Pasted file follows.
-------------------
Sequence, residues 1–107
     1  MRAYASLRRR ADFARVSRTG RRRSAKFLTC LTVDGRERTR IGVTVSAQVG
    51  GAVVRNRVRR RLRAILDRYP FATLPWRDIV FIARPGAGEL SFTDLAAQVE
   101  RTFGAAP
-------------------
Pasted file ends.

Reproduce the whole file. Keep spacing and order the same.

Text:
Sequence, residues 1–107
     1  MRAYASLRRR ADFARVSRTG RRRSAKFLTC LTVDGRERTR IGVTVSAQVG
    51  GAVVRNRVRR RLRAILDRYP FATLPWRDIV FIARPGAGEL SFTDLAAQVE
   101  RTFGAAP